My redesigned shop can really be broken into three zones. Photo 6 shows a traditional workbench area that allows ready access to hand tools and a zone for machinery to prepare stock. These two zones are within the floor space of a single car garage while the third zone is located in an adjoining garage. Here sits a dedicated compound mitre saw bench that has been designed as a number of compact modules, including a router table, small linishing machine and utility bench with dry grinder and metal vice.


Mitre saw bench in adjacent garage has sub-benches, all on castors. Melamine edged with solid timber made them quick to construct, easy to keep clean and improves the level of brightness within the workshop. Cover sheets from your local hardware can often be sourced cheaply.

The rear of the bench has built-in timber storage and wall-mounted timber racks above. Sheetgoods can be stored standing against the wall at the far end. I have found this to be an incredibly efficient use of what equates to only 2.7m x 0.8m at the very end of what continues to function as an everyday car garage.

When considering machines for the main workshop, I researched the advantages of individual versus combination machines. In the end, an opportunity to purchase a near-new used machine made the decision an easy one and a combination machine became the heart of the shop. After six years I firmly believe combinations offer the most efficient solution where space is limited.

It is true that changing modes can be frustrating, however it does force you to become more disciplined about preparing material. Located centrally, this machine serves extra duty as an assembly, clamping and glue up bench. Although I do very little work with sheet goods, the outrigger stays on the sliding table as it is very difficult to give up once you have become used to it. Adding simple brackets for storing tools, pushsticks and featherboards on the machine saves space and increases the likelihood of using them.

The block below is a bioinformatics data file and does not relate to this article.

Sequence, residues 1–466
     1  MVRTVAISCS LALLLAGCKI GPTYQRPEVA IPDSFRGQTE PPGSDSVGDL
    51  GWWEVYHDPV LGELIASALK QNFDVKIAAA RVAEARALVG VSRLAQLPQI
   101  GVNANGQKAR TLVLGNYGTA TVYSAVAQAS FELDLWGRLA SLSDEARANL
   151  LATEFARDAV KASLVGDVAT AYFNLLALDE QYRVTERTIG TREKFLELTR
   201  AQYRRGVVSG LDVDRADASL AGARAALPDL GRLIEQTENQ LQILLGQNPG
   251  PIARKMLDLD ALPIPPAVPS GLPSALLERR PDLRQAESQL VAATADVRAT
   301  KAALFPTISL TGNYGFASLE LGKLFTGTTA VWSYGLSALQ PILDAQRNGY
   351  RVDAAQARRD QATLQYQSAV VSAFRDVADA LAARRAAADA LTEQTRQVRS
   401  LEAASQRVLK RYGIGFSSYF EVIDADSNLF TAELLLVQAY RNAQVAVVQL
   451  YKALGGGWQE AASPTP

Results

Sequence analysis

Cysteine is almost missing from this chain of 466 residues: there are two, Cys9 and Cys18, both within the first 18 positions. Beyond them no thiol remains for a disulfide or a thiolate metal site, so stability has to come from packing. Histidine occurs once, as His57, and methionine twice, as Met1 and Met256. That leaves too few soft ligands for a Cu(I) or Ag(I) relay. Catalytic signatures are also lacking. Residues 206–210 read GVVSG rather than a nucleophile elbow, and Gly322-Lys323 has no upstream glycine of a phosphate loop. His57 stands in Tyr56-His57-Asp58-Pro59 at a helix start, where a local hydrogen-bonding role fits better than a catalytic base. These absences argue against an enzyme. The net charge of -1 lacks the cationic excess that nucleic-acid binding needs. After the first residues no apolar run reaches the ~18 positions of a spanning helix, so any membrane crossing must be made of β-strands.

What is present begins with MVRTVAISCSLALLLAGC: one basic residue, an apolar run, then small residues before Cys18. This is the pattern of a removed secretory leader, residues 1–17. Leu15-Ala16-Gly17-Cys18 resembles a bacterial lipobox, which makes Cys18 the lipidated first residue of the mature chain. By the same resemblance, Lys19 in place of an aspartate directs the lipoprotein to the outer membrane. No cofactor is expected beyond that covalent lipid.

Router table fence stores on router cabinet that slides under mitre saw bench. Timber lengths store behind, sheet goods against the wall.


Lesser used machines like the bobbin sander are tucked away in cabinets that also serve as work stands.

Adequate room for safe movement around the machine in addition to infeed and outfeed zones for material is needed. Raising the roller door at one end of the workshop increases the floor area by 50% when the need arises to work longer lengths of timber. The drill press is located so the lower cabinet and upper table height do not impede either the outrigger of the sawbench or feed zones of the planer/thicknesser of the combination machine.


Sharpening station is a must-have. Gear stowed below is convenient.

One of my new must-haves was to include a dedicated sharpening station. This is in the form of a cabinet of drawers with a wetstone sharpener on top. This is a great addition to the workshop and one that I would now find difficult to live without.
As mentioned, the catalyst for reconfiguring the workshop was the need for upgraded dust extraction. To gain access to the improved extraction, the lathe was relocated into the main area and positioned to share the working space around the sliding table of the combination machine.

The downside of this is that it limits the crosscutting capacity of the saw bench to 1450mm however I have not found this to be a significant limitation. Long stock is now cut to length on the mitre saw as opposed to the main saw bench. When the lathe is not in use a simple melamine worktop sits on the bed attached to the wall-mounted cleat and is very handy when machining.

A bandsaw capable of resawing solid timber veneers was the other must-have machine for my workshop. With wheels of 600mm, it may seem overly large for this space but opening the roller door provides enough outfeed space.

Keeping everything mobile